After all, they would be able to see it, touch it, breathe it in for the very first time. Not on a screen or in a magazine. In person, they would see the ocean.

When they reached the promised land Sam knew she had been correct to doubt her sister. Their new house in California didn’t even have a pool, although it would have matched well with the neighborhood’s stucco walls and sparse palm trees. The buildings were every color under the sun: pink candy floss, soft mint green, dark rust. Not many people called this suburban scatter home. Many lived there without complaint, but when they inevitably left, they did not look back. Somehow, it was not a part of anyone’s soul. It felt painful to look down the street and see those houses lined up like little rows of grave markers. Their hill in Iowa had been a small and constant world in their backyard that offered protection, solace, life. Here, there was nothing. No grass, no snow, no rain. No water. They did not dare to take their pilgrimage to the coast when their own house seemed a dead withering husk. Four years of high school slipped by in desiccation.

In their last weeks at home, Mira spent the suspended drought days on fool’s errands. She was convinced their dream was, as of yet, unbroken; she was always desperately searching for a way out. Sitting out on the porch, all of a sudden: “Hey, let’s go to the reservoir.”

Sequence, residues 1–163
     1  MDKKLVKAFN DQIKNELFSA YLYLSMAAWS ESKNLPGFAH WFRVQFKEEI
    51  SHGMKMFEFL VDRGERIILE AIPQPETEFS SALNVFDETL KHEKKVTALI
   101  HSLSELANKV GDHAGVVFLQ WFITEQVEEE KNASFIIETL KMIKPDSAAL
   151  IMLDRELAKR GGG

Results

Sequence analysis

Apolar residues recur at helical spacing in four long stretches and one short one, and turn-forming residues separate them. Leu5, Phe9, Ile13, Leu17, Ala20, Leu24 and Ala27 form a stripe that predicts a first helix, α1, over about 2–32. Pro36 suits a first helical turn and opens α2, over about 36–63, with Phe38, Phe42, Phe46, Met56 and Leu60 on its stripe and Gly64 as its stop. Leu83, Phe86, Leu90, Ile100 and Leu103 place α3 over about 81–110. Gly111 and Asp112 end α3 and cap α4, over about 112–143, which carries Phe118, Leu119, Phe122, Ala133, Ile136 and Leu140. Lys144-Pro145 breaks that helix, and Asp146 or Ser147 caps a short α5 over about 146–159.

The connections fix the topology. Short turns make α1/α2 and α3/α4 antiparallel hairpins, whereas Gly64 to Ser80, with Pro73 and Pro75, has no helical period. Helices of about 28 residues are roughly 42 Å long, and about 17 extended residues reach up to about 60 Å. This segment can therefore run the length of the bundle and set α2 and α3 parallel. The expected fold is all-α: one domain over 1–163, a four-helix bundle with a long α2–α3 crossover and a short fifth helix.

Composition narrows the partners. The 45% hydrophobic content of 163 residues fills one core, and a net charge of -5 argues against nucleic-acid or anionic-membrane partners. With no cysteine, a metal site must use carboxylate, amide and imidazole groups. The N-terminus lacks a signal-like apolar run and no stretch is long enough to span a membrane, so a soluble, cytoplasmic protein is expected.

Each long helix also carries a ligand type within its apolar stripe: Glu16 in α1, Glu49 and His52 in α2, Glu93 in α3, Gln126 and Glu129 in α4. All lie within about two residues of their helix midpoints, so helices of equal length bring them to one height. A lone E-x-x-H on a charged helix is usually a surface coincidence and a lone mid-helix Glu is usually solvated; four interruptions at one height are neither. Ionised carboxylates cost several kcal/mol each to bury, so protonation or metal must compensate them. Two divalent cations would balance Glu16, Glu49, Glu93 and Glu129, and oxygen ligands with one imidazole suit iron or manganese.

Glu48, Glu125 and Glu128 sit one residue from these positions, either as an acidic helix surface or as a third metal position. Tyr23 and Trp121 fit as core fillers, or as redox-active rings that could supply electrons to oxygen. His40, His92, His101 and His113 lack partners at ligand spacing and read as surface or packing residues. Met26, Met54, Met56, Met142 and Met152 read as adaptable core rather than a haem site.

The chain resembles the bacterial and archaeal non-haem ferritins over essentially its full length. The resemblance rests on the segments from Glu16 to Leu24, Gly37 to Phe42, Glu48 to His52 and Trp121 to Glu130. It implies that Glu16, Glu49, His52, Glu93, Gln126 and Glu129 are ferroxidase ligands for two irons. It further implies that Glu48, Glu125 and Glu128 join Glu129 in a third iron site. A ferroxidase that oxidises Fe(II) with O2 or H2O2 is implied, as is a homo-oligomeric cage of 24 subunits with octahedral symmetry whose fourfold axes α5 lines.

“Why the reservoir?”

“Closest body of water. Revelations always happen near bodies of water.”

“What revelations do you want to have?”

Mira tried to think but the everlasting barren air overcame everything. Gritty wind like a palm in the face; she screwed her eyes shut against it all. “Anything. Anything!” 

“Can’t you think of something more exciting?”

Sam was a believer in revelations of movement rather than those of the mind. She had given up on her dreams of the sea. In the early mornings and late nights she swam laps in the high school pool instead, closing her eyes tight. Sometimes if she tried hard enough she would open her eyes and be moored on Alcatraz, navigating the icy perils of the Bay. The same stroke after long powerful stroke would stretch before her and everything would fall quiet once more. Solitary. Silence pressing in on all sides. In order not to drown, she moved. 

“Half Moon Bay,” Mira announced minutes later, as if emerging from a dream.

“It’ll be cold,” Sam pointed out.

“Now who’s being boring?”

They took permission for their journey from their parents and left the following weekend. Mira grew quiet as she drove, afraid, perhaps, of being proven wrong yet again.